Cutting corners is the new mantra for countless households as the nation wrestles with high inflation, rising interest rates and growing layoffs. But even though the urge to save makes sense, chopping in the wrong places can cause more harm than good. That’s particularly true if a recession is short-lived and inflation comes back down to more normal levels soon. You could end up making short-term moves at the expense of your long-term financial goals.
“Yes, you need to start looking for places to cut, assuming your expenses have gone up, your income has gone down or both,” says Anne Lester, a retirement expert. “But rather than starting with the things you can afford to cut, think about what you have to keep doing.”
From saving for emergencies to spending on health care, here are five money moves you can’t afford to stop making, even in a recession.
1. Emergency savings
When budgets are tight, saving for emergencies tends to fall by the wayside. Money experts caution against draining these funds. Without any money in the bank, you may be forced in an emergency to rely on a high-interest credit card or take out an expensive loan, which could put you in a deeper hole down the road. “You want to make sure you’re always putting money into emergency savings, if possible,” says Chris Briscoe, a certified financial planner and vice president and director of financial planning at Girard. “Whether it’s $10, $20 or $30, you want to put away something to keep the good habit.”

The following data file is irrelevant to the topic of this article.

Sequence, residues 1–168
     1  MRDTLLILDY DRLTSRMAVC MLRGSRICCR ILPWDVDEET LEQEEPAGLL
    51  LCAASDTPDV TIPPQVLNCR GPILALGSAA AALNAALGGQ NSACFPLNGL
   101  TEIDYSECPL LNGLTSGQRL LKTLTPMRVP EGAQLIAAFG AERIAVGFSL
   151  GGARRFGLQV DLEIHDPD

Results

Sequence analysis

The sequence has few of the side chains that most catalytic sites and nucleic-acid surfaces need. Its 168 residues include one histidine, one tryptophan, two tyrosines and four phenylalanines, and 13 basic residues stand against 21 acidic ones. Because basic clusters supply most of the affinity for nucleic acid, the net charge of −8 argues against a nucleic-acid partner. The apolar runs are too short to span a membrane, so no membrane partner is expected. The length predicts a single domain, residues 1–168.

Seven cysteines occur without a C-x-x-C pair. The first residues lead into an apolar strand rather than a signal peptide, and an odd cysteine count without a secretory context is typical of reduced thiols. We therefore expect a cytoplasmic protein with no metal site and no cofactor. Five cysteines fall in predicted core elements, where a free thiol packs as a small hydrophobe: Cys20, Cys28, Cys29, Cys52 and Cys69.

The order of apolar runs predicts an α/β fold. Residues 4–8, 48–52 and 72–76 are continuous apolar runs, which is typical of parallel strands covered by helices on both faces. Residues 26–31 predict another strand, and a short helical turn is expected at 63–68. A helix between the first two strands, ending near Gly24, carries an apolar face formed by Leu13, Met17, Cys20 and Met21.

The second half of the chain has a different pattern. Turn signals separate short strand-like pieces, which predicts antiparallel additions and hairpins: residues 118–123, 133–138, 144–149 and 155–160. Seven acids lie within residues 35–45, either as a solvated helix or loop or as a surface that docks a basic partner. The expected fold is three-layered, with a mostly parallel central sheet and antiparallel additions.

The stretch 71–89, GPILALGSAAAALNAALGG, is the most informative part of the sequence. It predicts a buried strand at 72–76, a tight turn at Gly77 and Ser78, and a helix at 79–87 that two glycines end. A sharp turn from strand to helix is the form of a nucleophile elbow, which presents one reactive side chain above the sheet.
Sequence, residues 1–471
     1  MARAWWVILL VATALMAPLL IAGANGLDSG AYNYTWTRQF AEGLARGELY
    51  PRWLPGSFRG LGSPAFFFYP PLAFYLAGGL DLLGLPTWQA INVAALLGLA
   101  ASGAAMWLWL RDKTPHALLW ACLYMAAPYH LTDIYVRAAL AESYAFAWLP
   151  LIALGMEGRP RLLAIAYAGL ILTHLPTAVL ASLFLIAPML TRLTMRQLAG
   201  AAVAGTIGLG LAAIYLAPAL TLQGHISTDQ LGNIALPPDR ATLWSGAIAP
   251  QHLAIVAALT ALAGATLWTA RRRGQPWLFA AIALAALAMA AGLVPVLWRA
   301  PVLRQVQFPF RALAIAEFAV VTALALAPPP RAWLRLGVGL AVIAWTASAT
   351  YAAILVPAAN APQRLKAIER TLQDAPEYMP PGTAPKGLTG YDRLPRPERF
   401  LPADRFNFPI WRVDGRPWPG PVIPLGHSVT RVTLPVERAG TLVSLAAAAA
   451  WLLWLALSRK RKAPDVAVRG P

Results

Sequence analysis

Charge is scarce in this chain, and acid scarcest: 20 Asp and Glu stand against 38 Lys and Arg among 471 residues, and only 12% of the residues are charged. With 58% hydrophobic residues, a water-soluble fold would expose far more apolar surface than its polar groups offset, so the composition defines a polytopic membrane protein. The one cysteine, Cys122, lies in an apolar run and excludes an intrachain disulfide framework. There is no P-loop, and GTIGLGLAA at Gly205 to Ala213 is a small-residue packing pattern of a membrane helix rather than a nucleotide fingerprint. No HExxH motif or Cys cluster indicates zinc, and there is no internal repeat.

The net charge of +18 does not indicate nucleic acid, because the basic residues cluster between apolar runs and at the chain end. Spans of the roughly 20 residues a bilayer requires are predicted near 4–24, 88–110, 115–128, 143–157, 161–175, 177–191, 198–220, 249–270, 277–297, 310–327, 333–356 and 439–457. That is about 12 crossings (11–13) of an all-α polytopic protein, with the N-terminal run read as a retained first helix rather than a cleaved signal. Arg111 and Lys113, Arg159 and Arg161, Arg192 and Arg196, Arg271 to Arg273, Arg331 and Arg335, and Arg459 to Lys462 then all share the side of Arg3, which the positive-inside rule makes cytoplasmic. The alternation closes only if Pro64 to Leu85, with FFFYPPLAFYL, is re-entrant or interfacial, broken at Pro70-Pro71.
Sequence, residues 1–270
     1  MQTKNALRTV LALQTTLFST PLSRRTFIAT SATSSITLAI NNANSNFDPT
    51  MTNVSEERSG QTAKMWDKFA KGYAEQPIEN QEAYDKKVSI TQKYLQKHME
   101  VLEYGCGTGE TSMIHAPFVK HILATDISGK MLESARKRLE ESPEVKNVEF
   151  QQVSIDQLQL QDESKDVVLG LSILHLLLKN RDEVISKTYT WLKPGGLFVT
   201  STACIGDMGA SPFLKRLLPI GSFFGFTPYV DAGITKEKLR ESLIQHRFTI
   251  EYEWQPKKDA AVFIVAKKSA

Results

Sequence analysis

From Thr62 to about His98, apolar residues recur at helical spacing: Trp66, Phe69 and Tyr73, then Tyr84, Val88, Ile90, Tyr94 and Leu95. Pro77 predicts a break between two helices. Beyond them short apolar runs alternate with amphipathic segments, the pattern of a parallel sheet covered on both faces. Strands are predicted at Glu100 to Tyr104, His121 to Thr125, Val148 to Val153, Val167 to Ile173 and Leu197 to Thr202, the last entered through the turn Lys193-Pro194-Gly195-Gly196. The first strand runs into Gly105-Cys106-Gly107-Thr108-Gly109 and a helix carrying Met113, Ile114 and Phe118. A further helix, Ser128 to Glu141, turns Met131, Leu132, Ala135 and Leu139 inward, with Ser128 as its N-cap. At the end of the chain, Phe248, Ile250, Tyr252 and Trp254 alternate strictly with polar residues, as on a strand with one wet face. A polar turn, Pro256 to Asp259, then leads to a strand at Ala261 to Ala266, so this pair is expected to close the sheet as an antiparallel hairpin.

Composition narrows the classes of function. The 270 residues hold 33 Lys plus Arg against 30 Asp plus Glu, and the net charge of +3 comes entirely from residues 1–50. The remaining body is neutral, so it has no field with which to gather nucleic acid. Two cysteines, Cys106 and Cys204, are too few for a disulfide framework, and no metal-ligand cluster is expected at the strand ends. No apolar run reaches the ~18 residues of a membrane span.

Insurance gives you more than peace of mind; it protects you if something catastrophic occurs to your health, home or vehicle. Avoid the temptation to stop paying your health insurance premiums or skimp on your automobile or home insurance coverage. It can have very bad long-term consequences if something goes wrong. “Insurance is something critically important to maintain,” says Lester. “You want to maintain it to avoid something that can wipe you out financially.” If you do need to save, don’t cancel your coverage. Instead, consider shopping around for more affordable plans, increasing your deductible or reducing your coverage.